Iran’s abandonment of the multilateral deal to limit its nuclear program has put European powers in a difficult position, as the escalating conflict between Iran and the US pushes countries to take a side.
After the US assassination of Iranian commander Qassem Soleimani on Friday, Iran announced it would begin enriching uranium without restrictions in violation of the 2015 nuclear deal it signed with the US, UK, Russia, China, France, and Germany.
Under the nuclear deal, Tehran said it would halt its nuclear program in exchange for the lifting of international sanctions.
While US President Donald Trump pulled out of the deal in 2018, the three European powers – known as the E3 – have tried to keep the deal alive, despite Iran having incrementally withdrawn commitments from the deal as the US terminated various waivers since 2018.
Despite the EU’s diplomatic chief Josep Borrell voicing regret at Tehran’s latest decision to reduce its commitments, German MP Nikolas Löbel insisted to Al Arabiya English that the E3 stands by the deal.
“Germany - and I can speak for the other E3 states France and Great Britain - still sticks with the Iran deal because it is our single chance to prevent Iran from building a nuclear bomb and the single chance to get information about the Iranian nuclear program,” said Löbel, who is a Member of the Foreign Relations Committee in the German Parliament from the ruling coalition CDU/CSU.
But according to experts, the increasingly polarized situation now puts even more strain on their position.
‘An extremely difficult position’
“Iran’s withdrawal has put European signatories to the nuclear deal – Britain, France, and Germany – in an extremely difficult position,” said Jessica Leyland, Senior Intelligence Analyst – Middle East and North Africa at AKE International.
On Monday, the E3 called on Iran to refrain from any violent action and urged Iran to go back to respecting the deal’s arrangements. Following the Iranian missile attacks on US troops, they hardened their criticism, showing signs that Iran is becoming increasingly isolated.
The UK has been the most vocal critic of the three countries, with Prime Minister Boris Johnson stating that slain commander Soleimani was responsible for the deaths of British soldiers.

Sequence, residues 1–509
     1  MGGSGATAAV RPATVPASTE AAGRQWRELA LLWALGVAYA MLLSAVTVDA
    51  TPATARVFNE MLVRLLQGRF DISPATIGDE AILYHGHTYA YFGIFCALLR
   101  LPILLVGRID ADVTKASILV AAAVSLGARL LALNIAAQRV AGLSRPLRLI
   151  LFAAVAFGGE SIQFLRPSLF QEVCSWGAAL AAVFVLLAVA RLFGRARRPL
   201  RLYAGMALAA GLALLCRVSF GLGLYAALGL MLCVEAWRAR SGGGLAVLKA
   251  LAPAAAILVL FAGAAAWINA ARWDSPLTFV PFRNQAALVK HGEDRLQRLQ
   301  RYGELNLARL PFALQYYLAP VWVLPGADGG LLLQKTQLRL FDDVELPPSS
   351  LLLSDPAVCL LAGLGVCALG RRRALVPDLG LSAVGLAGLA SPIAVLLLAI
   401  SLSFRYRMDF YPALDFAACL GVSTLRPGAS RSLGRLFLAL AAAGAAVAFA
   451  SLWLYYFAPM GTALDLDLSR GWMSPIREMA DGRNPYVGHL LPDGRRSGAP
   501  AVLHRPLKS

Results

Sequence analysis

Leyland suggested that pressure from the Trump administration and the UK’s need for US support post-Brexit means that “it is more likely than not that Britain will ultimately withdraw from the deal.”
France and Germany want trade relations with Iran and are less likely to abandon the deal but are being pushed in that direction in an increasingly polarized region.
“France may be likely to be more committed to maintaining the deal given their historical ties with pre-revolution Iran, but as Germany increasingly sanctions Hezbollah’s operations, tolerance for Iran’s support of such groups wanes, and withdrawal from the JCPOA becomes more likely,” added Leyland.
France’s Foreign Minister Jean-Yves Le Drian has said that the decision as to whether to trigger the deal’s dispute mechanism will be announced on January 10. If the Joint Commission fails to resolve the dispute within a 30-day period, which Leyland says is likely, then the deal could be effectively dead by mid-February.
Although leaving the deal does not mean that the European powers will automatically follow the US into a “maximum pressure” sanctions campaign, the end of the 30-day period automatically reimposes all the pre-deal sanctions from UN security resolutions, further isolating Iran.
While Löbel insisted that the deal was still alive, he said that Iran was about to cross a “red line” by ending monitoring by the IAEA.
“Germany continues to stand by the nuclear weapons treaty with Iran, even though Iran has now terminated it. We need such a set of rules and should try everything politically to get a new agreement,” he said in a statement.
“The deal is yet alive although the situation became worse since last year … But it is clear that a red line is about to be crossed if Iran ends the IAEA monitoring. First we will have to wait till we get more information from the IAEA,” added Löbel.SHOW MORE